8 116 Cynthia Bisman In spite of these efforts to think about the role of morality and values in the profession, social work s conceptions still lack an anchor for its skills and knowledge. As discussed earlier, in the push to empiricism in the 1980s, Gordon became distracted from his work to shape a discourse around the knowledge/value realm. His potentially important contributions, on how values not only affect what we do about what we know but also shape what we know, were never adequately developed (Gordon, 1965). He collaborated with Bartlett and, in her thrust for a common base to the social work profession, she stated that values refer to what is good and desirable. These are qualitative judgments; they are not empirically demonstrable. They are invested with emotion and represent a purpose or goal toward which the social worker s action will be directed (Bartlett, 1970, p. 63). Lewis also generalized values as those enduring beliefs we hold about what is to be preferred as good and right in our conduct and in our existence as human beings (Lewis, 1982, p. 12). Social work practice, however, occurs in the real world with real-life problems where empirical support and demonstrability is essential. Reamer is probably one of the more prolific writers on values and explains that they are generalized, emotionally charged conceptions of what is desirable; historically created and derived from experience; shared by a population or group within it; and they provide the means for organizing and structuring patterns of behavior (Reamer, 1995, p. 11). Others have accorded values great importance: Vigilante (1974) calls them the fulcrum of practice ; Bernstein (1970) states that values offer methods the necessary vision and discernment ; Younghusband (1967) states they are everywhere in practice. None the less, Timms s (1983) plea for value-talk is still, after two decades, most relevant. Critical that use of the term values has not moved beyond vague generalizing, he bemoans the continuing gap between social work concepts and practice. Clarity of values for Timms requires both content, the consideration of what a person ought to do from a moral point of view, and function, the doing... of that action which he ought to do (Timms, 1983, p. 42). This is the challenge for the profession. Social work must understand its goals and then act to achieve them. Values: A discourse of caring In order to make these links and capture a meaning of the social welfare that is relevant to social workers and society, the profession needs to draw from an interdisciplinary perspective and engage in a wider discourse. In addition to social work, many other fields, such as sociology, law and philosophy may help to provide a broader, non-sectarian context through which social workers can understand and apply the moral base of the profession. This enrichment will provide greater clarity about social work s moral charge and help to distinguish between social and individual morality. Social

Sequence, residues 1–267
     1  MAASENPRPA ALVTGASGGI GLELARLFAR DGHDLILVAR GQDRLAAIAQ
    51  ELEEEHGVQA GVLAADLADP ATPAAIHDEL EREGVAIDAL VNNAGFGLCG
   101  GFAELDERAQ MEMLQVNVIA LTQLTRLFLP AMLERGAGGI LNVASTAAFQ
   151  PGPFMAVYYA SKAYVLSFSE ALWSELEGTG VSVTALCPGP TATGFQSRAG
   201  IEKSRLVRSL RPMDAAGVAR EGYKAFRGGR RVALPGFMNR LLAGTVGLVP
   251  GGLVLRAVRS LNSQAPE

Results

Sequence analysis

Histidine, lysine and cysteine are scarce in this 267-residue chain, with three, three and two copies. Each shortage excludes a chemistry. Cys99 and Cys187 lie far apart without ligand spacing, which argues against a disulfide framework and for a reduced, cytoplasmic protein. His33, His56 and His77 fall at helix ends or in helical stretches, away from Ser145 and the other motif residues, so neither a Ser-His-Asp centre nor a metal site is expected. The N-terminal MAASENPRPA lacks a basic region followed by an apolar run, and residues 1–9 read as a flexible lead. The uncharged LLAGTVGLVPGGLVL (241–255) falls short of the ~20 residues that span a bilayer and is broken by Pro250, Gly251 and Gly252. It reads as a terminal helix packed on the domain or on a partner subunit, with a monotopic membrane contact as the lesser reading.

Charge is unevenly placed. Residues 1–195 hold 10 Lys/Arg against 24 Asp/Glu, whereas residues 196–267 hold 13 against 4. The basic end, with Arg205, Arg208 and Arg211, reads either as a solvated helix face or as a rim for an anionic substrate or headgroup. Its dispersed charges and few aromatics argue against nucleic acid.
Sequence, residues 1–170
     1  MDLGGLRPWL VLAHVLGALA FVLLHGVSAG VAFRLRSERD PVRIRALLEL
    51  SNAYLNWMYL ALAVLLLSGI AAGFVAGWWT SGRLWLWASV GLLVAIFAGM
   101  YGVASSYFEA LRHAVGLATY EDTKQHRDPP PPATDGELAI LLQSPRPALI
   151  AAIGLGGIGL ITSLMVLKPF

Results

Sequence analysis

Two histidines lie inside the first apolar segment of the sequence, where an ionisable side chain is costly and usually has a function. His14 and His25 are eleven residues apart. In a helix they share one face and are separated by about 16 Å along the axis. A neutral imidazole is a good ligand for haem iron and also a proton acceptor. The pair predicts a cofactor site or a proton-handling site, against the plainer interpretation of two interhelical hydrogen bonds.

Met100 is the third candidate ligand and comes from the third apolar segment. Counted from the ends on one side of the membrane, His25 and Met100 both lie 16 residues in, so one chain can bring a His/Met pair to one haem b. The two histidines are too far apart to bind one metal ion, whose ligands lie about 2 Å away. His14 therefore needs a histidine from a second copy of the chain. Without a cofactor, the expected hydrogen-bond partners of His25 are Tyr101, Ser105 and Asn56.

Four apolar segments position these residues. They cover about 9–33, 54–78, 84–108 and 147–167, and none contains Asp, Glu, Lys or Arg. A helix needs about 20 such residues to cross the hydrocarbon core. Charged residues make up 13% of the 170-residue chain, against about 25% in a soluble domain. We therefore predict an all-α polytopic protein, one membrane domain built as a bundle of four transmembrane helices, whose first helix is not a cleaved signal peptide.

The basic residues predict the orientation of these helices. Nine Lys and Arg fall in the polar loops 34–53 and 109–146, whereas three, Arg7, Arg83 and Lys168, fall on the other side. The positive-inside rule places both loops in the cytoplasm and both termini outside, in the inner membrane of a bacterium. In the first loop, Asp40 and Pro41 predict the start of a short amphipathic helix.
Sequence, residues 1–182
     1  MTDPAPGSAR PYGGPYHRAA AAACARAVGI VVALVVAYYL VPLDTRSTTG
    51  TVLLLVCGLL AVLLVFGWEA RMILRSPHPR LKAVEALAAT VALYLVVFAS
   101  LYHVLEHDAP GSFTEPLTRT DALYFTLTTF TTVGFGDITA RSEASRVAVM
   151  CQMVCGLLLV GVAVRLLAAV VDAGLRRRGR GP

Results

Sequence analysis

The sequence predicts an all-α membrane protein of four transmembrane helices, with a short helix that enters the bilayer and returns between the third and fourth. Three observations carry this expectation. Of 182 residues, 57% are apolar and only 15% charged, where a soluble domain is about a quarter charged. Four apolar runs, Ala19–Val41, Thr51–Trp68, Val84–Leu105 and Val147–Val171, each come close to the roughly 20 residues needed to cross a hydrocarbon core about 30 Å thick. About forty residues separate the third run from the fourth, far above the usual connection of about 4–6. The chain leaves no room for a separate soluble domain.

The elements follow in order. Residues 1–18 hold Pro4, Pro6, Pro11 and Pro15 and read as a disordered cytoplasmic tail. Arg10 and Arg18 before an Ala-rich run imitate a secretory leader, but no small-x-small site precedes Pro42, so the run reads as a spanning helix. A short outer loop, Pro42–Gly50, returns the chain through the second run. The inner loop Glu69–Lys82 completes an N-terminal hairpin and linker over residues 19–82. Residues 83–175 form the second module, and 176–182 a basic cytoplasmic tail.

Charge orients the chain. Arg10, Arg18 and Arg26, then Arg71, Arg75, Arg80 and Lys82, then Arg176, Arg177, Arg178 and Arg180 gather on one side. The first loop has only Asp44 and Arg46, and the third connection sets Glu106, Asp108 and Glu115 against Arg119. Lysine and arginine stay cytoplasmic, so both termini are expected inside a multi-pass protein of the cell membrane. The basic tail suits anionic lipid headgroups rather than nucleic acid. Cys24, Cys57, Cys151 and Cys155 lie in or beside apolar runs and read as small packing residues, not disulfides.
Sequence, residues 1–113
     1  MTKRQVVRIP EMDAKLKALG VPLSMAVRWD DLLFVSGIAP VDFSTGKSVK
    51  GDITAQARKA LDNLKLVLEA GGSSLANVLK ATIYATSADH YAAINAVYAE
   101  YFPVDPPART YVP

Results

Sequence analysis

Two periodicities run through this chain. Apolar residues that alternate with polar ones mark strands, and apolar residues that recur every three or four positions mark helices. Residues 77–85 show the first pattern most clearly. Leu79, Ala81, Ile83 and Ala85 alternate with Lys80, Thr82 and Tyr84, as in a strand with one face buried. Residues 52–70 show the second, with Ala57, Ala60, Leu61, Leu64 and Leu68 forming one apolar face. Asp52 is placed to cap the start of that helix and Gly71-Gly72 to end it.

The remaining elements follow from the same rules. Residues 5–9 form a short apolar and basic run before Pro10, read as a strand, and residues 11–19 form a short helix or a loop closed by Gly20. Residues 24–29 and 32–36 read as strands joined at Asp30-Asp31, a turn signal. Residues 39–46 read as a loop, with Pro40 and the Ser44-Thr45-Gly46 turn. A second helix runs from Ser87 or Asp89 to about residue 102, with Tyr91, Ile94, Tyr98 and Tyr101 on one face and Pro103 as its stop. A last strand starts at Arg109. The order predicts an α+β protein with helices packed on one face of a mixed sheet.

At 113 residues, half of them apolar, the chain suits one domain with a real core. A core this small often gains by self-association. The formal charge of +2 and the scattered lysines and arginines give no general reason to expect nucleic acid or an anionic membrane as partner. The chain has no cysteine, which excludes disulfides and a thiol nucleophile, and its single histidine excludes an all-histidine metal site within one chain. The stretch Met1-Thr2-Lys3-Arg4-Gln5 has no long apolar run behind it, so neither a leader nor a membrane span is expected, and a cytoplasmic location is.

9 Social Work Values: The Moral Core of the Profession 117 morality refers to matters of the collective not private morality or even the behaviour of specific people in public roles, but the broad range of behaviours that create the public life and impact on the public sphere. Although social work scholar Goldstein explains that social work practice... inherently... is an ethical and moral endeavor (1998, p. 241), it has been difficult for the profession to accept its responsibility to improve the conduct of social life in its moral aspect. In her writings about social work and ethics, Emmet (1979) contrasts political morality and its concern for consequences rather than principles with social morality and its focus on relationships guided by concerns about the common life of a community. To practise social work is to act on the morality of social life. Such practice requires the profession to embrace its mission to enhance human well-being and accept that this domain necessarily includes the dual areas of individual and social well-being. Bauman s sociological and philosophical perspectives provide support for social work s moral responsibility and a solid conceptualization of its service ethic. He points out that the private versus public split results in the deterioration of essential collective services and public goods such as public health, transportation, housing and education. Those who are financially able may buy their way out of collective responsibility, paying less into the pool of public funds yet benefiting more from public services. The ideal for the citizen is a satisfied customer. Society is there for individuals to seek and find satisfaction for their individual wants (Bauman, 1994, p. 244). It is for social work to live up to the moral inspiration of its inherent paradoxes and engage in the business of redemption of moral capacity and... remoralization of human space (Bauman, 1994, p. 240). This public support, which is necessary for the social welfare, requires a set of shared beliefs about the common good along with a broad and inclusive definition of community membership. In his work on legal theory, Dworkin writes that a genuine political community must therefore be a community of independent moral agents (Dworkin, 1996, p. 26). Dworkin also provides support for Bauman s conception of individual moral responsibility accompanying a shared concern with the collective. Communities provide the circumstances that encourage individuals to arrive at beliefs on these matters through their own reflective and finally individual conviction (1996, p. 26). Dworkin pushes for a moral reading of the US constitution, requiring judges and citizens to understand that abstract clauses invoke moral principles about political decency and justice (1996, p. 2). Although judges claim that morality does not influence their decisions, Dworkin asserts that true self-government is possible only within a community that meets the condition of moral membership (1996, p. 24) because it is only then that we can refer to government of, by and for the people. Dworkin frames the moral base as a strength. [W]hen we understand democracy better, we see that the moral reading of a political constitution is... practically indispensable to democracy (1996, p. 7) in its demands that judges make contemporary judgments of political morality, and it therefore